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Equine Practice
Use of indwelling intravenous catheters in the horse
  1. Safia Barakzai

    Safia Barakzai graduated from Bristol in 1998. She worked in mixed and equine practice before spending six months at Liverpool, specialising in equine radiography and scintigraphy. In 2000, she began a Horserace Betting Levy Board senior clinical training scholarship in equine surgery at Edinburgh. She holds the RCVS certificate in equine surgery (soft tissue).

  2. Keith Chandler

    Keith Chandler graduated from Glasgow in 1993 and worked for some time in both mixed and specialised equine practice. After completing a clinical scholarship in equine and farm animal medicine at Glasgow, and four years as a lecturer at Edinburgh, he moved to the Moray Coast Veterinary Group in Inverness-shire. He holds the RCVS certificate in equine practice.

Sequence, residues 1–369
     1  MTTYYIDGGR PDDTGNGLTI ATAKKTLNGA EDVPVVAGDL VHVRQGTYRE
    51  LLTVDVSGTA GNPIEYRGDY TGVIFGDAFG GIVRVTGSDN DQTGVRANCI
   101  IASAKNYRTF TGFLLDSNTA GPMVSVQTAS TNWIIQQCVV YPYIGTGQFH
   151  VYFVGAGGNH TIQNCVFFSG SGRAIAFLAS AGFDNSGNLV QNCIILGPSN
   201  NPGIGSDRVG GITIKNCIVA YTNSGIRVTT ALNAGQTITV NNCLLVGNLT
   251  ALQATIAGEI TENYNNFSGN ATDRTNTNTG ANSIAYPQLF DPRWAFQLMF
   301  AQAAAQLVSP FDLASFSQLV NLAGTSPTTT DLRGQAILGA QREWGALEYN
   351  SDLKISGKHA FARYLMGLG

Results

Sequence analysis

THE use of intravenous catheters facilitates the administration of fluids, blood and drugs to the equine patient. A variety of catheters are available for use in the horse, all of which have advantages and disadvantages. Sterility when placing an indwelling intravenous catheter, and proper maintenance of the catheter are of paramount importance in order to minimise the risk of thrombophlebitis. This article provides a step-by-step guide to the placement of three types of commonly used intravenous catheters, and discusses how to manage thrombophlebitis and other potential complications of intravenous catheterisation.

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